With artificial intelligence and machine learning (AI/ML) processors and coprocessors roaring across the embedded edge product landscape, the quest continues for high-performance technology that can run a wide range of AI/ML models with very low power consumption. Brainchip has been marketing a line of unique, bio-inspired Akida line of licensable, configurable neural processing IP for a while now. The company’s synthesizable IP is designed to efficiently implement AI/ML workloads as an on-chip CPU coprocessor that demands little CPU intervention. Now, the company has introduced its second-generation Akida AI/ML neural-processing coprocessor architecture, which improves upon the first-generation IP architecture in several ways.
The company’s Akida IP runs standard neural-network models built with standard AI/ML tool flows, but this IP uniquely leverages the energy-efficient organic brain architectures produced over more than 100 million years of evolution, implementing cognitive AI/ML processing using a bio-inspired but fully digital approach to neural processing. This is a radically different design approach compared to the large arrays of power-hungry multiplier/accumulators (MACs) embedded in most of today’s AI/ML neural processing units (NPUs). As a result of Brainchip’s unique design approach to AI/ML processing, the company’s Akida neural processing IP is able to deliver real-time processing with equal or better accuracy than mainstream AI/ML solutions, but with greatly reduced power requirements.
The Akida architecture can solve a wide range of AI/ML challenges in a number of embedded edge applications including:
- Video object detection and vision transformer networks using either high- or low-resolution images
- Advanced sequence prediction
- Object detection, classification, and localization
- Vital signs prediction
- Advanced audio classification, including keyword spotting and beyond
- Gesture recognition
- Vibration analysis and anomaly detection
These applications span many different embedded edge market segments including automotive, smart home, consumer, healthcare, digital security and surveillance, and industrial automation.
There are several forces driving the rise in edge AI/ML processing versus cloud-based AI/ML processing. First, cloud-based services represent an ongoing operating expense, and those service costs are rising. At the same time, cloud-based solutions have responsiveness and latency challenges that sometimes cannot be overcome if AI/ML processing is restricted to the cloud. This problem is exacerbated by the rapidly increasing use of cloud-based processing for many workloads, not just AI/ML, which pits competing workloads on data center servers against each other and burdens the infrastructure needed to transport sensor data to these servers. AI/ML processing that’s localized to an embedded device is untethered from the cloud and the processing continues whether or not the device is connected to a network, which can be a tremendous benefit in unconnected or intermittently connected applications or when in poor coverage areas.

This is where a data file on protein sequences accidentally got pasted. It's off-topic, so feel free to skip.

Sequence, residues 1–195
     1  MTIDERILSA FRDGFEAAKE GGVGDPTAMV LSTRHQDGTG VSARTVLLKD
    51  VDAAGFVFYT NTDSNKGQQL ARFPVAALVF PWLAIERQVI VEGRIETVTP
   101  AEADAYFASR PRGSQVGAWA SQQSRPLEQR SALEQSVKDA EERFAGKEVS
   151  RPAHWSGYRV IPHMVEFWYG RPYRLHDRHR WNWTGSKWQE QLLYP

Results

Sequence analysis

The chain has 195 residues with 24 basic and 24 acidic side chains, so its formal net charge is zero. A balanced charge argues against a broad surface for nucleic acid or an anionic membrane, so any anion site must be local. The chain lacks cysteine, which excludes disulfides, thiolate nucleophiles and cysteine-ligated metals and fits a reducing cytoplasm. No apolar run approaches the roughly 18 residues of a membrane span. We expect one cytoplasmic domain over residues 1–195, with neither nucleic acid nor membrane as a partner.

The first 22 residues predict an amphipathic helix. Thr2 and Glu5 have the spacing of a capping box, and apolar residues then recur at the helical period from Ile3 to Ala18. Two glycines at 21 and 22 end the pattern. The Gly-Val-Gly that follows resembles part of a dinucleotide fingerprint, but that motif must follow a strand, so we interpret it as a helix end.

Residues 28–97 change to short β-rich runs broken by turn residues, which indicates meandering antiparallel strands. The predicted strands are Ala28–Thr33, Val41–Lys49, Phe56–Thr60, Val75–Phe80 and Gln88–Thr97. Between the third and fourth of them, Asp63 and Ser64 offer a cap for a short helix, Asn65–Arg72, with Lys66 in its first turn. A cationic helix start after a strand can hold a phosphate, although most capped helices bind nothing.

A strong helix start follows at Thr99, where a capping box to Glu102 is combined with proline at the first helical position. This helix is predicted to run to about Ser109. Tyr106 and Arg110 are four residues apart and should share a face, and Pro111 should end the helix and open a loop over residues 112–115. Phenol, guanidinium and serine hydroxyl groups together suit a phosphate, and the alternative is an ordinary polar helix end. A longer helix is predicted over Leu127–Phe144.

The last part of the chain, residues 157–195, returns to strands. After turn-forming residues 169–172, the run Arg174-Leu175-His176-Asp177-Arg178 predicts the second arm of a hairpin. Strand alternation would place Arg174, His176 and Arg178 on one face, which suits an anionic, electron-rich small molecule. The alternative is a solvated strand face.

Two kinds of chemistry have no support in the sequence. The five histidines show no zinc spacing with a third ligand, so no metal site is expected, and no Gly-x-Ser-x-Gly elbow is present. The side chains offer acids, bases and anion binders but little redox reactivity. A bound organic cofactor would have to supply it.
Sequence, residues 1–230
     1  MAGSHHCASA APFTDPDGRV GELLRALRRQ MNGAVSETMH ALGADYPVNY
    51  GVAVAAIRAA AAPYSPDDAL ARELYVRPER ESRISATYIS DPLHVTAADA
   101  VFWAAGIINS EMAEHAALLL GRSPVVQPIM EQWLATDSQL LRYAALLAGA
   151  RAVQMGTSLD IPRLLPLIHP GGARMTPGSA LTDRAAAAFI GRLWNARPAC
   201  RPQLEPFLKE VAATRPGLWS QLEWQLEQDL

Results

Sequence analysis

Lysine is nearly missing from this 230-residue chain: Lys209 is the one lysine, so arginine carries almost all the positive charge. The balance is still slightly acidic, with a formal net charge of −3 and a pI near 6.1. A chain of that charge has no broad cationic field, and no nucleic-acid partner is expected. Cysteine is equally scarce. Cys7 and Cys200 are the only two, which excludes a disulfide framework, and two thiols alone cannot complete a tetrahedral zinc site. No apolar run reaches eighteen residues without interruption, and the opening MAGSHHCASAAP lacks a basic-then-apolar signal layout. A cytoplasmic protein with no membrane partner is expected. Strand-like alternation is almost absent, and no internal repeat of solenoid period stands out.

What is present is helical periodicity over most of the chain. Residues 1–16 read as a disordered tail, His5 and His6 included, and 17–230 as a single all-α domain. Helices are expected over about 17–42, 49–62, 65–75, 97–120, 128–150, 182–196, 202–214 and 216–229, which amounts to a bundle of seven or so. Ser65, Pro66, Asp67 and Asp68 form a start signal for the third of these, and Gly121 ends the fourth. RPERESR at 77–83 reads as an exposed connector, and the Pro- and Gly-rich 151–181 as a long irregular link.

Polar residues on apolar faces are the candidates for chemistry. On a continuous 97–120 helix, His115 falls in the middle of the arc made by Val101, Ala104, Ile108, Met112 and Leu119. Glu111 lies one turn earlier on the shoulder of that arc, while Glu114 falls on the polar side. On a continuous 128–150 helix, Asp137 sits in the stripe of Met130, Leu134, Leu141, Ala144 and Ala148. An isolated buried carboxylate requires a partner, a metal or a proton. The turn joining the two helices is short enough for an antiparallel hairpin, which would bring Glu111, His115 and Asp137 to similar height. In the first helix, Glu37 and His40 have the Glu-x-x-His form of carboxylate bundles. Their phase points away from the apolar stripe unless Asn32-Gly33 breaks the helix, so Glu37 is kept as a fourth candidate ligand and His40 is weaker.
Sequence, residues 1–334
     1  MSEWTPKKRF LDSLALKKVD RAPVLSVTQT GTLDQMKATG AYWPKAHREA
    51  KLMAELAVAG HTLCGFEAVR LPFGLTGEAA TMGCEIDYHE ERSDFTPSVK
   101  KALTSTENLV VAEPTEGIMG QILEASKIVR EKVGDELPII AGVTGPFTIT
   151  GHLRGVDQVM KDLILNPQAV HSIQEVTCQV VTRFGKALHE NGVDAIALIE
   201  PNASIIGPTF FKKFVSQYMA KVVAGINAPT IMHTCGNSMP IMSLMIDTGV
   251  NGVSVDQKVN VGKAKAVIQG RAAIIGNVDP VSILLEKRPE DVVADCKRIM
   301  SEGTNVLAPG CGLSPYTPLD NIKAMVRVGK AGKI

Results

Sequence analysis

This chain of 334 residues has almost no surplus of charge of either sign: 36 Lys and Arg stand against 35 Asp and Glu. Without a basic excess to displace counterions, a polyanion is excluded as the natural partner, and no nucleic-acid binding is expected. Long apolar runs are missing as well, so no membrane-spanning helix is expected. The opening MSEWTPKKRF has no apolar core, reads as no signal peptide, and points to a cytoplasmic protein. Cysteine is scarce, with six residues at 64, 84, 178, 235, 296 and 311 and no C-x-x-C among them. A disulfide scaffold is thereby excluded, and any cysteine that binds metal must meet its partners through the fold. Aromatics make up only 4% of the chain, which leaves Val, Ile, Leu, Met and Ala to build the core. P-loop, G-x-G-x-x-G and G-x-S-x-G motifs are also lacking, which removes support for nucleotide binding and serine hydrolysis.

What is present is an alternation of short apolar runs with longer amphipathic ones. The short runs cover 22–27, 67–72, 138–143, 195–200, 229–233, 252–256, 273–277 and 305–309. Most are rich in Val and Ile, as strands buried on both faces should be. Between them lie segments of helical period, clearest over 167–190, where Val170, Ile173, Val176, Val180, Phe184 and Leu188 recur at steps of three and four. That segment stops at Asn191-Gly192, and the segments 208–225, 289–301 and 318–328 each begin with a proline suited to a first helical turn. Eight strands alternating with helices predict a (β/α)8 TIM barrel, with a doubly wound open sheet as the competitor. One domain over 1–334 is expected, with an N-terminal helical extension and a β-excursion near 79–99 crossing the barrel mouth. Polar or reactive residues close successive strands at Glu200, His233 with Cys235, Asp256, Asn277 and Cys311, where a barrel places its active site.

Although data centers and networks are scalable, incorporating AI/ML processing into embedded edge devices creates a solution that automatically scales with load increases because, as more devices needing AI/ML processing are added to the edge, more AI/ML processing capability is added by each new device as well. As a further benefit, keeping sensor data localized in the embedded edge device and performing the AI/ML processing locally also circumvents potential privacy and security issues because private and secure data is inaccessible to and never traverses the network.
The core element of Brainchip’s Akida architecture is a spiking NPU, which emulates the operation of an organic brain’s myriad neurons and synapses. The Akida NPU is event-driven. It only operates when there’s data to process, which conserves power. In addition, each Akida NPU has its own local memory, which eliminates the need to swap AI/ML model weights in and out of external memory. This feature further reduces power consumption while boosting performance and eliminating external memory bottlenecks caused by AI/ML traffic on the memory buses.